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Japan, 1979 (MIFF 1981)

Director: Satsuo Yamamoto

Prior to World War I the silk-spinning mills of Japan employed hundreds of young women recruited from destitute iamilies. The families were happy to lessen the number of mouths to feed. The girls were humbly grateful for the chance to bring home some money. The mills were situated at Okaya, and to get there the hapless girls had to cross the snow-covered Nomugi Pass.

The film follows the Hues of several of the young girls, observes their treatment and contrasts their lifestyles with those of the influential government officials and industrialists who control such things as prices.

The film builds up a catalogue of evils, often melodramatically (girl falls prey to evil foreman, girl falls in love with boss' son. etc.) but despite its emphasis it still gives a gripping picture of the life and times they endured Particularly memorable are the scenes following the outbreak of the Russo-Japanese war. its effects on working conditions and the hypocrisy of the mill-owner.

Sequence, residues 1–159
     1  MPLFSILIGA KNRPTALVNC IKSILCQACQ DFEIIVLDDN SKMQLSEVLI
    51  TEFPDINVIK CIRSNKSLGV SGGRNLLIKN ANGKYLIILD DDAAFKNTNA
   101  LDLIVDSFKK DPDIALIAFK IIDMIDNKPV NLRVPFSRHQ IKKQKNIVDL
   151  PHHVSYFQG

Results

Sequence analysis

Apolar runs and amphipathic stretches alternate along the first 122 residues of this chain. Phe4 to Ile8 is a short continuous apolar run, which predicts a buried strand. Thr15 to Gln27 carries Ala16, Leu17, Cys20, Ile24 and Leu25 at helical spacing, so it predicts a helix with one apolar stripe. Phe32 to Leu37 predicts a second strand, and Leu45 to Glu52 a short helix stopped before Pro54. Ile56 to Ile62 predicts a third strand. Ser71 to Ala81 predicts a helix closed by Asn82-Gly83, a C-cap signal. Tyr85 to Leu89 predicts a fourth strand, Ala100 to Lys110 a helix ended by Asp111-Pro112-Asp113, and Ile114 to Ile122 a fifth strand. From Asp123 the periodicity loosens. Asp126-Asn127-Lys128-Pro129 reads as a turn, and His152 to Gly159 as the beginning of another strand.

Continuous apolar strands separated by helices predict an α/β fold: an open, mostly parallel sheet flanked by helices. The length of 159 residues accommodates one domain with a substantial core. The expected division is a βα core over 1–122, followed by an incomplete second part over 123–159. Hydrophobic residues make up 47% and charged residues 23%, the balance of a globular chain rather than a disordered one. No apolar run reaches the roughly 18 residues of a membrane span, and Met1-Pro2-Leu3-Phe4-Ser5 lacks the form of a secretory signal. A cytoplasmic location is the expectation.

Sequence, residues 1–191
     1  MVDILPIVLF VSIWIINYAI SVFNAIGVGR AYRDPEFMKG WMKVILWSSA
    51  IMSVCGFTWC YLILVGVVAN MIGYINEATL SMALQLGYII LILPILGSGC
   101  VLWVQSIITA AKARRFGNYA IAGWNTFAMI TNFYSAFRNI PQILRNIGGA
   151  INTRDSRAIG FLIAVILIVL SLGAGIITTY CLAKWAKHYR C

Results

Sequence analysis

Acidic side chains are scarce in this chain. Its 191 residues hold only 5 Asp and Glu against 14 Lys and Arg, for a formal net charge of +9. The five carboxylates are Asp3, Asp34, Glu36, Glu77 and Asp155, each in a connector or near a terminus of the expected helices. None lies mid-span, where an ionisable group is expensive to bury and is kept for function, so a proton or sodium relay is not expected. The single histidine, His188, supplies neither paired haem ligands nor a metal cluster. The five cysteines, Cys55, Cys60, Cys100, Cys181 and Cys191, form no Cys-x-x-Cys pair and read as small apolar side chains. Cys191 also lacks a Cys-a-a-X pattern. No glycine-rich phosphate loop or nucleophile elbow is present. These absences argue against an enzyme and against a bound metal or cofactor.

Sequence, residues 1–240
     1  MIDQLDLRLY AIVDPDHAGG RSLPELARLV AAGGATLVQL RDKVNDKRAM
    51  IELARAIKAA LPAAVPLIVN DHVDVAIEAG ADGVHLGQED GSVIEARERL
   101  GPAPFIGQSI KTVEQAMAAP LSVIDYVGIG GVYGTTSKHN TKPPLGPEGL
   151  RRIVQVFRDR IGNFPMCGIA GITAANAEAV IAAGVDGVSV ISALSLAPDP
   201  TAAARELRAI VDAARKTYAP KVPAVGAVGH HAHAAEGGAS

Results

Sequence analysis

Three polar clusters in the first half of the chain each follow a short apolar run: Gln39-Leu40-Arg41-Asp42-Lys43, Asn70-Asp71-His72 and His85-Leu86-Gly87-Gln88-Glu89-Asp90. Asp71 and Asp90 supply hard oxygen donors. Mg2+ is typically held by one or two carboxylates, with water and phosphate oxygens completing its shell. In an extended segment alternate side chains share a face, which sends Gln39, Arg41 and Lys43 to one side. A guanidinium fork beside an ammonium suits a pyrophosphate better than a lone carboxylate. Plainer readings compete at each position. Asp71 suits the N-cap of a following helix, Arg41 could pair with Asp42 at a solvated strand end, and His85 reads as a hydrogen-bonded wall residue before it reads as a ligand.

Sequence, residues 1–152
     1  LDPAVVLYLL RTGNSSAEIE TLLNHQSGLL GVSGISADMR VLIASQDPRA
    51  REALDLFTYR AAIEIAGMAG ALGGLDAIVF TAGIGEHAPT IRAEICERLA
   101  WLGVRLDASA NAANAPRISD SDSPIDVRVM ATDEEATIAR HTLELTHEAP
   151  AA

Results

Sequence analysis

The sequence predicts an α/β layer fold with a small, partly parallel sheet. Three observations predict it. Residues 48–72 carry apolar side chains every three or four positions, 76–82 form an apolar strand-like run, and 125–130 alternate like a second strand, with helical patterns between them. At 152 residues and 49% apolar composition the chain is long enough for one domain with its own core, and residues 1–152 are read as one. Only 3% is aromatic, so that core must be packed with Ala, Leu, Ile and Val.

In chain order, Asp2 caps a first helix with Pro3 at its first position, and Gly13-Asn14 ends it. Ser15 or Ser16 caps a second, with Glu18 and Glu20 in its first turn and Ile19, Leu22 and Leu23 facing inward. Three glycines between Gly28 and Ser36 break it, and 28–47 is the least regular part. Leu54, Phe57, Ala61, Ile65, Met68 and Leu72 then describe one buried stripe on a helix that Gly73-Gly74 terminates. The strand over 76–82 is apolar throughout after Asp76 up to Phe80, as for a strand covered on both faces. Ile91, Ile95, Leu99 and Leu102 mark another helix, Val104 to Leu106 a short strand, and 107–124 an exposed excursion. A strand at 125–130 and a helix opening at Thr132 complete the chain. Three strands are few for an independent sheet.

Satsuo Yamamoto is a veteran director whose work is little known in the west. He is best known for Sunless District, about a strike in the 1920s. and for War and People, which chose militarism for its subject.

Nomugi Pass is effectively made and holds attention throughout its length Many moments are especially moving though some may find the film excessively tearful Its statement about the social and human problems of the past remains relevant and its popularity in Japan cannot be disputed More than three million people have seen the film. making it the biggest box-office attraction of the year.

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